Times Square Skyline

DSC_5275-Edit

Hello everyone!!  I hope you are all having a great week, and getting ready for the weekend which is fast approaching.  I had to work last weekend, so I am looking forward to getting this one off.  I’m hoping to get out there and take some pictures in my free time.  I thought I would mix things up a bit and put a monochrome image up today.  I love black and white, when it’s done right.  The truth is, I try to convert a lot of images to monochrome, and I am seldom happy with my results.  Color is a seductive force in photography.  It can cause us to miss the basic structure of an image as our eyes drink in all that flavorful color.  Monochrome gives us no such pleasure.  It calls on us to compose wisely, and pay attention to the tonality of the image, that is, not the color, but the brightness values.  It forces us to seek out contrast and geometric form, and capture it in a way that brings relevance to the image.  It is no small feat.  Most of my monochromes that are successful, are so because these things found themselves in the picture through good fortune, and not planning.  In other words…sometimes even a blind squirrel finds a nut.  I’ve been working on it though, and hopefully I’m beginning to “see” in black and white.   What’s your biggest challenge with black and white?  Do you like black and white?  I know it’s not everyone’s cup of tea as they say, but I love it.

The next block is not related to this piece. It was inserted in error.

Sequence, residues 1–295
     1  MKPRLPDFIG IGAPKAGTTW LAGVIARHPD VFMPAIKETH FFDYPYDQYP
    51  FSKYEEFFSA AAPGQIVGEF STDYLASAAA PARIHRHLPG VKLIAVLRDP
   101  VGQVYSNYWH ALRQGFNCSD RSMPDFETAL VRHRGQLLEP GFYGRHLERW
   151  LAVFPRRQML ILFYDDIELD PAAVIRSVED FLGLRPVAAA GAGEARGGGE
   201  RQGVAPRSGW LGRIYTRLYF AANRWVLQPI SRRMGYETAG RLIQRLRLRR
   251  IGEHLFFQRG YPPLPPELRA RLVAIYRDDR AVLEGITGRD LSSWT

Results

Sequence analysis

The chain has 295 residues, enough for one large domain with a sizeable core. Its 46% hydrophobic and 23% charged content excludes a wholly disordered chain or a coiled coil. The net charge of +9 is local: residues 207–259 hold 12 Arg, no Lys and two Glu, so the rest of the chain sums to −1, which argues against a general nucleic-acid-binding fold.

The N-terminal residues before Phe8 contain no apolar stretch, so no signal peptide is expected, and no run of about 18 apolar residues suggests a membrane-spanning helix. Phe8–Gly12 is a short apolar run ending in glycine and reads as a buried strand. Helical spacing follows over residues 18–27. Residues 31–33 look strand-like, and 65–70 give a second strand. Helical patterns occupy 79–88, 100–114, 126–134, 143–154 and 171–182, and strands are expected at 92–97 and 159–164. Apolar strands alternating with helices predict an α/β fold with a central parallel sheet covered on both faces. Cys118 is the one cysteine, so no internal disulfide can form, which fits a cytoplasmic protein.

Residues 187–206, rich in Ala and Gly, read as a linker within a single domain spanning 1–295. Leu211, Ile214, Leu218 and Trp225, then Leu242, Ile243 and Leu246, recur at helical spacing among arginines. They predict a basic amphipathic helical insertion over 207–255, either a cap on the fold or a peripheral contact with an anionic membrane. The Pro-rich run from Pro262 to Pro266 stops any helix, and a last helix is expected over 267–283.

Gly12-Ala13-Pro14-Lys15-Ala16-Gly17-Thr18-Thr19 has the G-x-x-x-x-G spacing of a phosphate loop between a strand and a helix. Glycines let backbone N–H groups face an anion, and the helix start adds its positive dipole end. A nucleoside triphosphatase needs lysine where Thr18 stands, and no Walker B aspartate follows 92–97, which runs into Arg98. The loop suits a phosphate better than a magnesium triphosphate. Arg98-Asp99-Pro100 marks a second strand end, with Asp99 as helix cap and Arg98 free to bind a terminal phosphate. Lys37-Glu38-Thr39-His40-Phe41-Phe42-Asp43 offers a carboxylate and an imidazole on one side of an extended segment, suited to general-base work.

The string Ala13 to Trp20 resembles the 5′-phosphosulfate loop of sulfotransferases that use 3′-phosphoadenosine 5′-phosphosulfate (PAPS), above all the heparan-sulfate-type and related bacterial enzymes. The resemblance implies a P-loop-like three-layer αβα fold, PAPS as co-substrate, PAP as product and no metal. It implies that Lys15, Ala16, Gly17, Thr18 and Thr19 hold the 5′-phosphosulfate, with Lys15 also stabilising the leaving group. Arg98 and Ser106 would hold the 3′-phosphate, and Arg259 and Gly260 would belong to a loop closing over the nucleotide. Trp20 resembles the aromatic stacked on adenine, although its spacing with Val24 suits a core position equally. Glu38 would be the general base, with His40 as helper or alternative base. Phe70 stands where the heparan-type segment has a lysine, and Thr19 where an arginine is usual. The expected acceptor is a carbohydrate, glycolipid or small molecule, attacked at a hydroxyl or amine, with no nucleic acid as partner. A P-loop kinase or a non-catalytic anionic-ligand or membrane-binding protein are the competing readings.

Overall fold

My inspiration for achieving good monochrome is owed to my fascination with Ansel Adams, the Master.  He had a vision that was second to none.  Not only was he an exceptional photographer, but he was a gifted processor of his images, and used these skills to achieve his final vision for every picture he took. In fact, his teachings on vision and pre-visualization are part of why this blog is known as Vision and Pixel.

This shot is from my family’s recent trip to New York.  I posted the pano I shot in Times Square already.  This shot was taken after spending the day running around Midtown Manhattan shopping and taking in the sights.  We stopped by the hotel room the get ready for the evening’s activities, and as luck would have it, it also happened to be golden hour.  The sky was awesome, and the buildings had their sunward facing sides lit up with a golden hue.  It was awesome.  You can actually see “The Ball” that drops on New Years eve just above the Toshiba sign at the top of it’s pole.  It was an amazing view out of our 38th floor room.  I shot pictures like a crazy person whenever we were there.

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